In yet another Scorsese film, DiCaprio plays Jordan Belfort, who was involved in rampant corruption and fraud on Wall Street in the 1980s. Starring alongside an incredible cast – including Margot Robbie, Matthew McConaughey and Jonah Hill – DiCaprio presented the corporate greed, criminal activity, moral ambiguity, use of hard drugs, and explicit sexual experiences of Belfort in a humorous and captivating but serious and focused way. Through this role, DiCaprio was able to excitingly and disturbingly provide an illuminating look into excess. A particularly incredible scene of drug abuse shows Belfort losing all control of his body and having to crawl and then roll down a flight of stairs to get to his car; DiCaprio’s performance in this scene is so spectacular that you forget he is actually acting. It netted him his third Best Actor nomination and the film was nominated for Best Picture. It was tough year though with other big-hits such as 12 Years a Slave and Dallas Buyers Club also competing for awards. DiCaprio lost out to Matthew McConaughey in the latter movie, who ironically portrayed Belfort’s mentor and boss.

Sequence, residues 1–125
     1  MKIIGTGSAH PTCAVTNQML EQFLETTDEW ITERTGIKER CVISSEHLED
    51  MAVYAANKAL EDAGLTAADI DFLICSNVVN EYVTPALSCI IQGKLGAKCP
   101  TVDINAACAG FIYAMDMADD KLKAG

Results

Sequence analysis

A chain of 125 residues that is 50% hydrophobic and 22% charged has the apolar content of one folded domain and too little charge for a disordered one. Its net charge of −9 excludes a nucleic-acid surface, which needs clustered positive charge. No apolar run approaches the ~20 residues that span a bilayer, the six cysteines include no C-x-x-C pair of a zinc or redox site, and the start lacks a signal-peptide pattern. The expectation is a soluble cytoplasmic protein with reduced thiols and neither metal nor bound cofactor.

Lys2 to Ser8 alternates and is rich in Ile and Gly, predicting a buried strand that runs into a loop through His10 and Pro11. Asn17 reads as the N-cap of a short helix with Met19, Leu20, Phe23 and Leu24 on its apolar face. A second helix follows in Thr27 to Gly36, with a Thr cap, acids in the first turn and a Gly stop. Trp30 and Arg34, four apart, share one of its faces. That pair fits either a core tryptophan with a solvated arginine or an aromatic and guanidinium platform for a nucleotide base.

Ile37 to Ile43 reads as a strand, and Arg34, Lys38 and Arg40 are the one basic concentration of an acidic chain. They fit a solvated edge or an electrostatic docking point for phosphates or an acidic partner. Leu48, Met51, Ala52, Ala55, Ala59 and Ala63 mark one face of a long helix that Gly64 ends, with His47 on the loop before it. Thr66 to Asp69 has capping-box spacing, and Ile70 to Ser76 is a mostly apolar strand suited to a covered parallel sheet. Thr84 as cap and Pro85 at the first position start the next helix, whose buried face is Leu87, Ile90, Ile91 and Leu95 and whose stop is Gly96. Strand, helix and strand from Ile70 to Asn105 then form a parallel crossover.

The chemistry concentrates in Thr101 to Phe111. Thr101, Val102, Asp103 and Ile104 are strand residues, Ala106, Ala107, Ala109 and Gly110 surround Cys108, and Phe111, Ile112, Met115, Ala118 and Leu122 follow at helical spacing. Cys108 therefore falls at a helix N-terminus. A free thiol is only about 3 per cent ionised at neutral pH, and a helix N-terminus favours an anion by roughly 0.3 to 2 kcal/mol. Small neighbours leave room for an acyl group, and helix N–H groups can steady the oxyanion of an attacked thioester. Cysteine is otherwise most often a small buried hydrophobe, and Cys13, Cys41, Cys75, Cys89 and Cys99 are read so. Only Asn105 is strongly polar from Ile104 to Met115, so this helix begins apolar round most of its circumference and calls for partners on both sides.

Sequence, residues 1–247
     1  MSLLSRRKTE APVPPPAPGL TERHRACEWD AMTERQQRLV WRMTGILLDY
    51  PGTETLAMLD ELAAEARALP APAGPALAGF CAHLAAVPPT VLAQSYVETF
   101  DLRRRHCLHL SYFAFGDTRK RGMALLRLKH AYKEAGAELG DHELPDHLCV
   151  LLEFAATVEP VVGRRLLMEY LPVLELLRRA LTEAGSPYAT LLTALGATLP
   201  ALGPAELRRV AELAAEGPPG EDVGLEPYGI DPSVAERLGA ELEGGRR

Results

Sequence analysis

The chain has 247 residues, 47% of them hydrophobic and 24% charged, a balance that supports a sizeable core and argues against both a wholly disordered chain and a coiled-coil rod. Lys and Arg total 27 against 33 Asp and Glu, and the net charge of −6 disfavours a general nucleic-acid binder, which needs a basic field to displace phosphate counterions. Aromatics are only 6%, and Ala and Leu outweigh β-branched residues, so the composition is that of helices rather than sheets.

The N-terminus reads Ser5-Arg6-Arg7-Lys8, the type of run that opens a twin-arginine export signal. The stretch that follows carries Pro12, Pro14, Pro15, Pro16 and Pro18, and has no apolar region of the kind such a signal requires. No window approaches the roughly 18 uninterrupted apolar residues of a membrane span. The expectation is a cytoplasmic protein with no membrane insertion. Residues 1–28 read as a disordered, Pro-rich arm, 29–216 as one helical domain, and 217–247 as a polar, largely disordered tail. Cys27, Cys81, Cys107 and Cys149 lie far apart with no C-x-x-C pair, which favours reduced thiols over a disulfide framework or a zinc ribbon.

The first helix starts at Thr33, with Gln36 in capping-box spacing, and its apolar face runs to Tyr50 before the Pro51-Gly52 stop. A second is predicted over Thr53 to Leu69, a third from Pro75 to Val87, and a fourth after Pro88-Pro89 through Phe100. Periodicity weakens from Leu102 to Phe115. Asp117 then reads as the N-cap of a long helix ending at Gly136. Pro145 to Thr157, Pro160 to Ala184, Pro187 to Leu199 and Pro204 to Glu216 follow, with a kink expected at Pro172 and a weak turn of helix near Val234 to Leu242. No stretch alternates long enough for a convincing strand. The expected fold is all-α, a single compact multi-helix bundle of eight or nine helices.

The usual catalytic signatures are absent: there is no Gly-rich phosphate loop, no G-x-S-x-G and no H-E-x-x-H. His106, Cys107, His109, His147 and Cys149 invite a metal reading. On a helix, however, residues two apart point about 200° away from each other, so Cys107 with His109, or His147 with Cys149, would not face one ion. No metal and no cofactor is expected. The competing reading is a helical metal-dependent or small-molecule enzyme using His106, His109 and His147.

The Wolf of Wall Street

Django Unchained (2012)


Tarantino’s masterpiece Django Unchained pitted Jamie Foxx against DiCaprio in a dark and brutal modern take on the Western genre. DiCaprio played a wicked plantation owner, Calvin Candie, a vain, evil, and aggressive character within a backdrop of barbaric, gory, and cartoonish violence. DiCaprio really gave this role his all; in one scene he slams his hand down on a table and slices it open on a glass, but continues to act, even beginning to pick pieces of shattered glass out of the wound in an unsettling manner, speaking to his dedication to the role. While fellow co-star Christoph Waltz was nominated by the academy (and eventually winning Best Supporting Role), DiCaprio received no Academy nominations. As if to rub salt into the wounds, he lost out on a Golden Globe too, losing the Best Performance Supporting Actor to of all people, Christoph Waltz.

Django Unchained